Bangalore bus stand is well-maintained and conveniently located opposite the city railway station. Officially named after the founder of Bangalore, 'Kempegowda' but more commonly known as 'the Karnataka State Road Transport Corporation (KSRTC) bus stand,' it handles buses that connect Bangalore to all major cities and states in south India. T
The main bus stand of 'the Bangalore Metropolitan Transport Corporation (BMTC) ,' which maintains bus services within the city, is located next to the 'Majestic Bus stand'
There are 4 major Bus stands: Majestic Bus stand near Gandhi Nagar is close to the railway station and is quite neatly organised and is easily navigable. City Market is around 2 to 3 kms away from Majestic and could daunt newcomers, since it is very disorganised. Shivajinagar in the north and Jayanagar 4th Block in the south have Bus stands as well. Most Bus stops in the city are undergoing a revamp and have good display depicting the buses that frequent the stop and the name of the stop.
Commuting by bus is an experience. I would reccommend boarding the bus at the starting point eiter Majestic or Shivaji Nagar and buying a fare to the last stop. This way you get a mini tour of Bangalore but you will also get to actaully see the real people that live in Bangalore - the traditional middle class .
A NEW ADDITION TO THE BANGALORE BUS SERVICE ARE THE AIR CONDITIONED BUSES .THEY ARE UNDOUBTEDLY MORE EXPENSIVE BUT WELL WORTH THE MONEY U PAY AS U TRAVEL IN COMFORT :)
I HAVE VISITED BANGALORE OFF AND ON HOWEVER HAVE NOT CHECKED THE CITY SO WELL ALL I KNOW IS THE RAILWAT STATION ,MAJESTIC BUS STATION AND AROUND MG ROAD...THATS ALL THE KNOWLEDGE I HAVE HOWEVER BELOW IS SOME INFO ON THE CITY.......................
The name Bangalore is an anglicised version of the city's name in the Kannada language, Bengaluru. The earliest reference to the name "Bengalooru" was found in a 9th-century Ganga Dynasty stone inscription on a "veera kallu" (literally, "hero stone", a rock edict extolling the virtues of a warrior). In this inscription found in Begur, "Bengaluru" is referred to as a place in which a battle was fought in 890. It states that the place was part of the Ganga kingdom until 1004 and was known as "Bengaval-uru", the "City of Guards" in Old Kannada. An article, published in The Hindu, states:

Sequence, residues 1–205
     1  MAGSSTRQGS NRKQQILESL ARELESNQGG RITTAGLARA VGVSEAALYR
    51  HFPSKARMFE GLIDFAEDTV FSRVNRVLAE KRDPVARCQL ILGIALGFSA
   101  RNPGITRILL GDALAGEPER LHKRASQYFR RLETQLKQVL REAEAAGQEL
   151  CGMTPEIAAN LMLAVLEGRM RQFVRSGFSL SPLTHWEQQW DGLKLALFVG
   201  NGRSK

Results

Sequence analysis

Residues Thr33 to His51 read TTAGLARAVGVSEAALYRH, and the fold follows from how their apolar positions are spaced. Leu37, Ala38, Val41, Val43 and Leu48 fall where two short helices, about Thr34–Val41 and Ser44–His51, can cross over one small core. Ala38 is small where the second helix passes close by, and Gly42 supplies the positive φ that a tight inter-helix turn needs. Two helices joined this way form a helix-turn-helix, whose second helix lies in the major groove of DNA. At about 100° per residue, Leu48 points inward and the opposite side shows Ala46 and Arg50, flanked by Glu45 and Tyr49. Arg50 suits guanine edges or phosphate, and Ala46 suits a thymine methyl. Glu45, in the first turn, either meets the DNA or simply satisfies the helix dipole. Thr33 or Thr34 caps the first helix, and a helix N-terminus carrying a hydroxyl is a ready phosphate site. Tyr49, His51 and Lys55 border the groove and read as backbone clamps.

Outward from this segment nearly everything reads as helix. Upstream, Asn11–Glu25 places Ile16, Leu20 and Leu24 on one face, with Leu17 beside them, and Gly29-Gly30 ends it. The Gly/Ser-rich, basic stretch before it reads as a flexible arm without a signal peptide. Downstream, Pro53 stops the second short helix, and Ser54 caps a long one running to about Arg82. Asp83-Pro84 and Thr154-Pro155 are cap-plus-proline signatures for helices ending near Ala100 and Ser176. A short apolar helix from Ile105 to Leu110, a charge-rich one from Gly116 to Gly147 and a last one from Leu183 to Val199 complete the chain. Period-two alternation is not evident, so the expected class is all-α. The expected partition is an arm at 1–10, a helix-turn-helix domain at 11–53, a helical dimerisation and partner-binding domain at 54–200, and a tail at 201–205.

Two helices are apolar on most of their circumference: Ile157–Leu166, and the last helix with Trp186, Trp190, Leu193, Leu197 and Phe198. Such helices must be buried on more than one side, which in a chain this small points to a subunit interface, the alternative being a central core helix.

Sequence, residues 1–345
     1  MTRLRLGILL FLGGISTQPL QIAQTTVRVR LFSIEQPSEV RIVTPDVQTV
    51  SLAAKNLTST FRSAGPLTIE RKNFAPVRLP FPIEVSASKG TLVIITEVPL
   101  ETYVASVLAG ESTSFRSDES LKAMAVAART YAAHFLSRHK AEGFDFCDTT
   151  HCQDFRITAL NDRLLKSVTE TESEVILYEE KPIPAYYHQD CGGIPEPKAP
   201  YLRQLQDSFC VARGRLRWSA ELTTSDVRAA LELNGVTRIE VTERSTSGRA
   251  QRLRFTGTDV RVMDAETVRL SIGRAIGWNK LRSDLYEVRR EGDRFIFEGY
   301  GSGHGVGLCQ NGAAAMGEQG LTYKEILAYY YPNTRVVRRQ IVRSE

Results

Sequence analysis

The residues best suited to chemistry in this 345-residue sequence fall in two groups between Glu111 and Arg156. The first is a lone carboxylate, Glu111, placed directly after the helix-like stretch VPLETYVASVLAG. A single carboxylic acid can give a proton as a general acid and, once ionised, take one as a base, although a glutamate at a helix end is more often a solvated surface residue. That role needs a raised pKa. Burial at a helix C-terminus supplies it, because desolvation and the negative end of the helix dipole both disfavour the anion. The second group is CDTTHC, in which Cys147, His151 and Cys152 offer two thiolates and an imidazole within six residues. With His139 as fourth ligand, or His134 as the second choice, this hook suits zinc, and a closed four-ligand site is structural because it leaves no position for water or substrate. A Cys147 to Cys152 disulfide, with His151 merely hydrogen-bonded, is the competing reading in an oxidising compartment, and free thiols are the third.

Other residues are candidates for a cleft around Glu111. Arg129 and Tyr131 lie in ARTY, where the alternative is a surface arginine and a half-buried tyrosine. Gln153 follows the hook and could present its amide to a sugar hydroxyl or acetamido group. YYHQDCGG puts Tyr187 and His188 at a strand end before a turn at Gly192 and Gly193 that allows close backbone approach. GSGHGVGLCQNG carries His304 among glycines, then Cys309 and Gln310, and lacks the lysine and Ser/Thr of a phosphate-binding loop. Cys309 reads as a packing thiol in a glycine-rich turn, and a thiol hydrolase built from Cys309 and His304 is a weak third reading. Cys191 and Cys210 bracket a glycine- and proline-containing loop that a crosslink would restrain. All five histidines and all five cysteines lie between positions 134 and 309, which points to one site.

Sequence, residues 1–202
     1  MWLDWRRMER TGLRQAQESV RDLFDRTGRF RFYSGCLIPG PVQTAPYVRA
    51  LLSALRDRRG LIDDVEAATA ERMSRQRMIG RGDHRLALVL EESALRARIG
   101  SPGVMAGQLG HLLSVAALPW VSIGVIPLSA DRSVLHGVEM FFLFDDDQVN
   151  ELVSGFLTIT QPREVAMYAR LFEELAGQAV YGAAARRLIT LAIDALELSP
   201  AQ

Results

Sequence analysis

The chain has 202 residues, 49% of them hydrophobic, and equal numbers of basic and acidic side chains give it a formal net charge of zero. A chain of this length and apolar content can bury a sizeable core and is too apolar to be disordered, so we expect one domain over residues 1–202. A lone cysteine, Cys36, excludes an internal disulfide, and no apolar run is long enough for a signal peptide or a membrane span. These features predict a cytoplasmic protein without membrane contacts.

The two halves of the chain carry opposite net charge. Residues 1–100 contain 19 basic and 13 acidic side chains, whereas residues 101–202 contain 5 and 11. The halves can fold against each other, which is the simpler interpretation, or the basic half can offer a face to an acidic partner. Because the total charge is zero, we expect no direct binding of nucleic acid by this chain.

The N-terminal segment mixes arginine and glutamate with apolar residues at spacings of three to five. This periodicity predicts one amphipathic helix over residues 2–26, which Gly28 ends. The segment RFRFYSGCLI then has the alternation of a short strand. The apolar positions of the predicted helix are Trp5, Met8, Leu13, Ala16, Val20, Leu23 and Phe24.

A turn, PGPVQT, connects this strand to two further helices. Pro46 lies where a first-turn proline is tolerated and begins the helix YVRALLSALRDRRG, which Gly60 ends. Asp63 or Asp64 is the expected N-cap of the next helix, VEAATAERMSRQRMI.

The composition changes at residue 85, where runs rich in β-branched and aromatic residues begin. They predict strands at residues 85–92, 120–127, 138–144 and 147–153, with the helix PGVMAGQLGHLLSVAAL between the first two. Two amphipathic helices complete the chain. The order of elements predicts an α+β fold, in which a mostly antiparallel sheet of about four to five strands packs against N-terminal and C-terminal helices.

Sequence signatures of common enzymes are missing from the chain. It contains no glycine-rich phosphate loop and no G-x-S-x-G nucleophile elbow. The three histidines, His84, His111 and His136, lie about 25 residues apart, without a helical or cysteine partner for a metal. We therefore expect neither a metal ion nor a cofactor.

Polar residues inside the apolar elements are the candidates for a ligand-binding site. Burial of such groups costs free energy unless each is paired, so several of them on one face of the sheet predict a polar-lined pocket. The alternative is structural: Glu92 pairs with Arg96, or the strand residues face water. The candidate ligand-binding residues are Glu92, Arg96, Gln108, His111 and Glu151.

“ An inscription, dating back to 890 CE, shows Bengaluru is over 1,000 years old. But it stands neglected at the Parvathi Nageshwara Temple in Begur near the city...written in Hale Kannada (Old Kannada) of the 9th Century CE, the epigraph refers to a Bengalooru war in 890 in which Buttanachetty, a servant of Nagatta, died. Though this has been recorded by historian R. Narasimhachar in his Epigraphia of Carnatica (Vol. 10 supplementary), no efforts have been made to preserve it. ”
A popular anecdote (although one contradicted by historical evidence) recounts that the 11th-century Hoysala king Veera Ballala II, while on a hunting expedition, lost his way in the forest. Tired and hungry, he came across a poor old woman who served him boiled beans. The grateful king named the place "benda kaal-ooru" (Kannada: ಬೆಂದಕಾಳೂರು) (literally, "town of boiled beans"), which was eventually colloquialised to "Bengalûru". There are also theories that the name has a floral origin and is derived from the tree Benga or "Ven-kai", also known as the Indian Kino Tree (Pterocarpus marsupium
Area: 365.6 sq.km.
Altitude: 914.4 m (3000 ft) above sea level
Latitudinal Parallels: 12° 57' N
Longitudinal Meridians: 77° 37' E
Unlike other parts of India which are extremely hot in the summer months, Bangalore enjoys a relatively mild climate year round.
February to May (warmest months)
June to August (Windy - South-West Monsoon)
September to November (rainy - North-East Monsoon)
December to February (coldest months)
Highest maximum of 38 degree Celsius to lowest minimum of 14 degree Celsius
Regional Language: Kannada
Spoken Languages: Kannada,Tamil,Telugu,English and Hindi